VCD Theory Purpose
Why are visual communications made differently?
Purposes or reasons for visual communications
A distinction between purpose and function
Model purpose analysis
Demographics are facts about an audience.
To advertise is to present a product or service for the express purpose of sales or financial gain.
Examples of advertisements are;
- multi-media kiosks/ displays,
- post cards,
- magazine ads,
The poster shown at left is intended to advertise apples to increase sales and generate money for the business owner. It uses contrasting colour and simple shapes to attract attention. The purpose of advertising is clear as the message is simple. it is achieved through an image of an apple and type. Hierarchy compliments the purpose as first in the reading order is the apple, followed by the price then finally the caption.
To promote is to present a product, service, idea, concept, belief or ideology for persuasion of an audience for the better of the individual, community or society as a whole. Promotion may be confused with advertising as the techniques are similar. However, the easy way to distinguish is to ask, does the visual communication lead directly to sales and financial gain? If not, it's likely to be promoting something.
Examples of promotional products include;
- political campaign materials,
- Church posters,
- posters to engage audience in social issues,
- flyers to engage audience in healthy eating,
This poster at left is intended to promote apples and the idea that eating them leads to a healthy life. It uses simplified images composed of stylised shapes and bright contrasting colours. It uses the metaphor of love hearts hovering over eyes to show that apples can bring health and happiness when eaten.
To depict is to make an image or model of something. Literally to make a picture of it. Depictions are ofter components in visual communications with other purposes. The illustration itself may have no purpose beyond representing the object it does.
Examples of depictions include;
- freehand illustrations,
- two and three dimensional illustrations - 3rd Angle orthogonal, paraline and perspective drawings,
- digital 3d models,
- video installations,
- model making,
- schematic architectural drawings,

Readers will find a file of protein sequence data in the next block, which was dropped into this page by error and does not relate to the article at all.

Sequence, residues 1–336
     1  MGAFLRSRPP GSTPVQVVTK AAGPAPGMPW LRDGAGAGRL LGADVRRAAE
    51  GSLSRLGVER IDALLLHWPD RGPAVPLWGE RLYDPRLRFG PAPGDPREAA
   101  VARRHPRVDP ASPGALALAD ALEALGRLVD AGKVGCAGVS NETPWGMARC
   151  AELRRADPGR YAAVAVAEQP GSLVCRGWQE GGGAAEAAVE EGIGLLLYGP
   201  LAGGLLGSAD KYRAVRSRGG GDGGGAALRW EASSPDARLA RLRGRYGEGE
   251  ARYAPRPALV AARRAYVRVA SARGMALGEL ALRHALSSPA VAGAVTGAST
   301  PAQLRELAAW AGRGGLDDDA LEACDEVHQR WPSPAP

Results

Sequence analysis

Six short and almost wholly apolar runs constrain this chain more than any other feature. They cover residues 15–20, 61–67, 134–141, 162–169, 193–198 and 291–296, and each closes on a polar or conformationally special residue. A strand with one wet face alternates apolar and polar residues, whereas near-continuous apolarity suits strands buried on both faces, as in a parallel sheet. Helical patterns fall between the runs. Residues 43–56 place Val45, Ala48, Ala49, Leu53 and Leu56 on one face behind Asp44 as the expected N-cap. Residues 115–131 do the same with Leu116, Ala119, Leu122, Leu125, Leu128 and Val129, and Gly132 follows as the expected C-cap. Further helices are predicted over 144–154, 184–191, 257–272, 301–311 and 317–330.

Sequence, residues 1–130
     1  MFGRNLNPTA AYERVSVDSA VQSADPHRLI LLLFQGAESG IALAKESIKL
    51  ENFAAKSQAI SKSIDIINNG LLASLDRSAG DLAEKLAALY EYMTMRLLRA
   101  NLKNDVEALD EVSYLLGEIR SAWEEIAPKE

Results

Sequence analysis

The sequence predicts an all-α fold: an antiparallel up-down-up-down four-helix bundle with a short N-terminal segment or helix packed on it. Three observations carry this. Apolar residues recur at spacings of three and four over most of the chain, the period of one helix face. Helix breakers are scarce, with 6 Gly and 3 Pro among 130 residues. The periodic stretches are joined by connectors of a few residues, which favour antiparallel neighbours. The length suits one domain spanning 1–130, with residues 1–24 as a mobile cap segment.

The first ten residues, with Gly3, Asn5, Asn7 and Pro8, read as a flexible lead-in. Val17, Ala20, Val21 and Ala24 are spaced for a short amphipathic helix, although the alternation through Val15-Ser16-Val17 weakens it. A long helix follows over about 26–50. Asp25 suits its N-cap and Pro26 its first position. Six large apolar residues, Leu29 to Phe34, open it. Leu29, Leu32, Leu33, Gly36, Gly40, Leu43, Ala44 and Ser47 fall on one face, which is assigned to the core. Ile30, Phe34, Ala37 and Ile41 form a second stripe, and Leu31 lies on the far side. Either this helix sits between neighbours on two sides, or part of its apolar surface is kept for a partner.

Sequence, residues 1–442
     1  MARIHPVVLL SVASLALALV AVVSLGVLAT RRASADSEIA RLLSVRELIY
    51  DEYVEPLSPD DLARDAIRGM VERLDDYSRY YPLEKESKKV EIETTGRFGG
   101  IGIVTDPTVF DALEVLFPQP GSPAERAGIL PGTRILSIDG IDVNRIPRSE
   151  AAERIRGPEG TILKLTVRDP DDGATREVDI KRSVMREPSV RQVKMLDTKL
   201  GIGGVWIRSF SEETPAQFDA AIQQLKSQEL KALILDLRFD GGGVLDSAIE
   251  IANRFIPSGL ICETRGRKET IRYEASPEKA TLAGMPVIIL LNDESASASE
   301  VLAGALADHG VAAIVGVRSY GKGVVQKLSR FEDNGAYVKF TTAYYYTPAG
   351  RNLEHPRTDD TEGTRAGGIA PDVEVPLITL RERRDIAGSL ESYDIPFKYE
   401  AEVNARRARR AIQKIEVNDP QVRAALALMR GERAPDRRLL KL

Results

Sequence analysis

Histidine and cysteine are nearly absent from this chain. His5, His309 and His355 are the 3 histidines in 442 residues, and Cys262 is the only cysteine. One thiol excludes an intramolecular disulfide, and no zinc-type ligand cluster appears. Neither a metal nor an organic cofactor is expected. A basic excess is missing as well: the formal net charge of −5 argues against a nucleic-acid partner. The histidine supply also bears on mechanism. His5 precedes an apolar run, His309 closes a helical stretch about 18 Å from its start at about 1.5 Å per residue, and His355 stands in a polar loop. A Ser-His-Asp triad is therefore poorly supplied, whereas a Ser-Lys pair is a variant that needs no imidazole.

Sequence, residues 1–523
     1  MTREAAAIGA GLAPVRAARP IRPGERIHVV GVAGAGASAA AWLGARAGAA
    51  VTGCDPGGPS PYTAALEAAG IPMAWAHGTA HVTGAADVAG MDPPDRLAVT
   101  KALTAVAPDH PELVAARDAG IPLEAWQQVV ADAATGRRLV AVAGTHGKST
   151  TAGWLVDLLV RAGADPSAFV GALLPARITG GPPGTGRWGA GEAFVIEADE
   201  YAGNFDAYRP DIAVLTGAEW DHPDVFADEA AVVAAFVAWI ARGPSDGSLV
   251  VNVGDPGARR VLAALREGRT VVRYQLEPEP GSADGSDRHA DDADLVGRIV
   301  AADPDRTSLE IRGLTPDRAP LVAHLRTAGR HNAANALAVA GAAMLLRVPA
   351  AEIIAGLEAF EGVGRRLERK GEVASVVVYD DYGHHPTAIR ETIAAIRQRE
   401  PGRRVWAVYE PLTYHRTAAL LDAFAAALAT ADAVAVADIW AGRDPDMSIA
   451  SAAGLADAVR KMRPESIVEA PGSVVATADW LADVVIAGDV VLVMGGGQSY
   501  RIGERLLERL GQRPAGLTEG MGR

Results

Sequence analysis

The illustration of an apple is intended to depict this lovely piece of fruit. It uses realistic colours, and stylised shape and tone to indicate form and shade to make it stand off the background.
To teach is to enable a person to learn something. A visual communication with the purpose to teach includes visual and/ or written information that leads to learning about something. To teach may be confused with to guide, and inform. One way to differentiate between these is to ask, does the visual communication explain something by breaking it down? To teach usually involves simplifying information into a sequence or steps.
Examples of teaching products include;
- webpages (like this one),
- magazine and book spreads,
- posters and wall charts,
- post cards,
- digital apps,
- explanatory diagrams.
The wall chart at left is intended to teach someone how to peel, cut and eat slices of apple. It uses simple shapes and colours that contrast well with the background to illustrate the process. Teaching how to peel, cut and eat has been broken down into steps that are easy to understand. Symmetrical balance, contrast and figure-ground have been used to ensure clarity.
To inform is to provide information or facts. As distinct from to teach, to inform does not seek to enable learning but rather to simply communicate information such as a rule, date, event, etc.
Examples of informing products include;
- post cards,
- multi-media kiosk screens,
The image of a calendar page marked with an apple over a date is intended to inform an audience member that this day is significant for apples. Colour has been used to attract attention as the apple is shown in cool colours which contrast sharply with the rest of the illustration which is made in reds and pinks.
To identify is to enable the recognition of an entity. A written and/ or visual mark such as a logo is used to help members of the community recognise a company. The field of branding is a related study where a company seeks to promote its identity through various means.
Examples of identifying products include;
- webpage banner,
- newspaper masthead,
- heraldry and coats of arms,
The presentation at left shows apple logos in context. They have been used to identify a company to members of a target audience. Colour and shape have been used to create simple shapes that contrast with their background and provide instant recognition for this company.
To guide is to provide directions or information where someone will be able to locate something. As distinct from to teach, to guide shows a member of the audience where something is and/ or how to find it in relation to other features. The end goal is location not learning.
Examples of guiding products include;
- websites and webpages,
- interactive multi-media kiosks,
- digital way-finding apps.
The section of a fruit tour map is intended to guide members of a target audience to a place where they can get apples. It uses line, shape and colour to create easy to read roads, a river and fruit shapes.
Try it for yourself
Shown below are seven images of visual communications. Follow the directions in the task panel below them to improve in your understanding and application of purpose.
- Identify the purpose of each of the visual communications above. Give reasons for your answer referring to the images.
- Choose one image and identify one design element and one design principle used with effect to achieve the purpose. Explain how the elements and principles you have identified assist with the purpose.
- Choose another image. Nominate another purpose and explain how it would need to be changed in order for it to suit that new purpose. In your answer refer to design elements and design principles.